Accidental Opioid Overdose Kills More Americans Than Car Crashes: Here’s Some Reasons Why

One out of every 96 Americans will die from an opioid overdose, according to a 2017 report released by the National Safety Council, a nonprofit organization whose mission is to “eliminate preventable deaths.” 

The odds of dying from an opioid overdose have surpassed the one in 103 chance of dying in a motor vehicle accident. America is in the midst of a opioid crisis that is responsible for more than 130 deaths a day.

“It’s devastating especially when you put a face to the deaths,” said Carter.

On Friday Sara Carter reacted to this news on Sirius XM’s Breitbart News Daily with Alex Marlow.

“It’s devastating especially when you put a face to the deaths,” said Carter.

“If we hear the numbers you know that you have a one in a 103 chance of dying in a motor vehicle crash over your lifetime but a one in 96 chance of actually dying of an opioid overdose,” added Carter. 

According to official statement by the Council “The nation’s opioid crisis is fueling the Council’s grim probabilities, and that crisis is worsening with an influx of illicit fentanyl.”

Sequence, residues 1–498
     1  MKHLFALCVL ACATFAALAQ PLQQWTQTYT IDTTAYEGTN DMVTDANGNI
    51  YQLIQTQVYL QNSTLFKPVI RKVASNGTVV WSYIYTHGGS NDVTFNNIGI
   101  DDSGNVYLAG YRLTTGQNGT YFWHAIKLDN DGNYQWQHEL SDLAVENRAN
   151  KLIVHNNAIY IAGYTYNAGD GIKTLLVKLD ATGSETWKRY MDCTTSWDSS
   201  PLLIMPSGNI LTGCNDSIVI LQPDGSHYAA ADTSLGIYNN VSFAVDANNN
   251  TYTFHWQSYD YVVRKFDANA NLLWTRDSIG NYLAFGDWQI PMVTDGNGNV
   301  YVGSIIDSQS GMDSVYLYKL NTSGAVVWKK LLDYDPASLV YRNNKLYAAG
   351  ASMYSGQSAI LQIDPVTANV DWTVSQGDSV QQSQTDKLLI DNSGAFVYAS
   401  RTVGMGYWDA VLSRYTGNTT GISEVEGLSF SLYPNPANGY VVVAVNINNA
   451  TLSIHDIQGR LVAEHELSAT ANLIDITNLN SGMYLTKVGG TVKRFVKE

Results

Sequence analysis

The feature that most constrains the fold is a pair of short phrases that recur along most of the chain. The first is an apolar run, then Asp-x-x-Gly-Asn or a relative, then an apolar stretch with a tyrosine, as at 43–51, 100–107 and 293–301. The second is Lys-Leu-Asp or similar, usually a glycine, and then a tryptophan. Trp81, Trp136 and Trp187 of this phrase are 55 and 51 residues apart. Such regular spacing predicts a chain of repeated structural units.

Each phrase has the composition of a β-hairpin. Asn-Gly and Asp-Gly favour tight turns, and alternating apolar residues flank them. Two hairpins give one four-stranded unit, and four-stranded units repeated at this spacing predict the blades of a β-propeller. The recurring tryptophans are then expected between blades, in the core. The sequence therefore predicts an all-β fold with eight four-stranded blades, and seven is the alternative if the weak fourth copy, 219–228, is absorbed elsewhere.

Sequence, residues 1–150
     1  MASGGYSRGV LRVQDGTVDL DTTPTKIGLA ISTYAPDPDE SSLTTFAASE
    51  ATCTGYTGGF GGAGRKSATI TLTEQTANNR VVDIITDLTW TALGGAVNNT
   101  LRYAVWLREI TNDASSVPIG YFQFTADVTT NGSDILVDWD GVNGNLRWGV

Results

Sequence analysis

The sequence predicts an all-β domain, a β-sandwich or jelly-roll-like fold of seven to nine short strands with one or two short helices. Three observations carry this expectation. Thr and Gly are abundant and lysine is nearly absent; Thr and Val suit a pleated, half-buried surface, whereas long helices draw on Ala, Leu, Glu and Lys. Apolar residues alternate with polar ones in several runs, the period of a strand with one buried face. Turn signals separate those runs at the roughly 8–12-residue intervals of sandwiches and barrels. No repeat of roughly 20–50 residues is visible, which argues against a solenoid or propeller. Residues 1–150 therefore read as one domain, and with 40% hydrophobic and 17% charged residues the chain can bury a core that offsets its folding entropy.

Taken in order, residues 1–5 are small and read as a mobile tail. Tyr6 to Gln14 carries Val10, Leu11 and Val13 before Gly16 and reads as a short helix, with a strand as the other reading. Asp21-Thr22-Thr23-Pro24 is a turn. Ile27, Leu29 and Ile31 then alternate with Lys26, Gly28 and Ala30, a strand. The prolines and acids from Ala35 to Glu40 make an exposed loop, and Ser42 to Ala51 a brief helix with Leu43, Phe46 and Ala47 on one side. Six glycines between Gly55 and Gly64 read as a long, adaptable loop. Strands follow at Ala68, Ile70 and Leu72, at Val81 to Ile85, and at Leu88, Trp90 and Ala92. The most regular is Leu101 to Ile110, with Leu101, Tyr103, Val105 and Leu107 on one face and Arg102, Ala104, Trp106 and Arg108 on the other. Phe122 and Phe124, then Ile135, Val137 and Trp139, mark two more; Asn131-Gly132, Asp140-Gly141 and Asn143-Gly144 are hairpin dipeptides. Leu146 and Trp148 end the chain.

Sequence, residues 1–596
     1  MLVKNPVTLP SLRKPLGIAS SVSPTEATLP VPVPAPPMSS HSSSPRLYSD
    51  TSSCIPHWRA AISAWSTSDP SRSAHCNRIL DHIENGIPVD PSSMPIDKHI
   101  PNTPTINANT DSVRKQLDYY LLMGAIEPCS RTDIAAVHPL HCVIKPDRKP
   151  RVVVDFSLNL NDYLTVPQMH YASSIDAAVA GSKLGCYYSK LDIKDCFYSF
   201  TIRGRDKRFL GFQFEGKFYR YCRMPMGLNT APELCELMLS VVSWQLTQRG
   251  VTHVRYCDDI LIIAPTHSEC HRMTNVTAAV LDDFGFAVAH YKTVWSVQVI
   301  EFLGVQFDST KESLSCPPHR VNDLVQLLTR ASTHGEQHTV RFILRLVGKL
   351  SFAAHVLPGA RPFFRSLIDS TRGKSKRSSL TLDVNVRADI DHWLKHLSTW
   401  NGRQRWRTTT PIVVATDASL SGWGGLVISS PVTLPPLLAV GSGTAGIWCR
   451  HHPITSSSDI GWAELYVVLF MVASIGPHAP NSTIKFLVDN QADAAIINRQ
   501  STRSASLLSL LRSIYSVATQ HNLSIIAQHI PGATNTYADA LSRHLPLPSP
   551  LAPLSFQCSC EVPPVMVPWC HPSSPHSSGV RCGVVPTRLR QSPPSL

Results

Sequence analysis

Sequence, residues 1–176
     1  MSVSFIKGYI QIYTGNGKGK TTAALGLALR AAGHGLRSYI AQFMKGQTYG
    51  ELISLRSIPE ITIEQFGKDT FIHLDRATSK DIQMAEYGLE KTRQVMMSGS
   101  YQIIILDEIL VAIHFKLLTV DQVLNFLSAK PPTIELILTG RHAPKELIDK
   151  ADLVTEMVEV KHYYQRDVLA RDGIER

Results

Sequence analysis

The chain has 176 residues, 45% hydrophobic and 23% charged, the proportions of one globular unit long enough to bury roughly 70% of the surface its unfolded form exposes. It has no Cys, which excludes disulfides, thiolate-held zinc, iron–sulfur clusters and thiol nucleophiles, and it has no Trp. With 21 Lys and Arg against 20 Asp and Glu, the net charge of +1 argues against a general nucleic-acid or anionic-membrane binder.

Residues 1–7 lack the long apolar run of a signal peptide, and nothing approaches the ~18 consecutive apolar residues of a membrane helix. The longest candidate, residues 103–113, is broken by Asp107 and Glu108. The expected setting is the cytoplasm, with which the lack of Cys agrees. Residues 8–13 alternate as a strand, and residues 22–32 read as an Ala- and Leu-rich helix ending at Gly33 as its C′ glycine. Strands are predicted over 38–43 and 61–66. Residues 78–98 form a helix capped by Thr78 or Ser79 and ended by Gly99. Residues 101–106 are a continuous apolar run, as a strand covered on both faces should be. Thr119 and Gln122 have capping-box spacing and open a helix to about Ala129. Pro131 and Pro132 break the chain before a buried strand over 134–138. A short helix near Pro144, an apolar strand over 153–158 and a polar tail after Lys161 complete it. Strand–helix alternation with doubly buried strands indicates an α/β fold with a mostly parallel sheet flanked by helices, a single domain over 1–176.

What is Fentanyl and where does it come from?

Fentanyl is a highly-potent synthetic opioid that is responsible for highest number of opioid overdose deaths in America. A dose equivalent to four grains of salt is enough to kill an average adult.

Carter explained to Marlow that the majority of Fentanyl and Heroin comes from China and Mexico. The drug cartels have created a market in the U.S. and “the drug cartels have amassed hundreds of billions of dollars in narcotics sales as well as human trafficking and other issues associated with their nefarious actions,” she said.

Carter recently produced a documentary through her non-profit The Dark Wire Investigation Foundation, titled “Not In Vein.”  The film highlights the complexities of the opioid crisis. The documentary takes viewers on a journey from the American families who have lost loved ones and into the horrific actions the drug cartels take to ensure the contraband is marketed in the U.S.

View the film at

According to the National Institute on Drug Misuse, the economic burden of the opioid epidemic has reached $78.5 billion.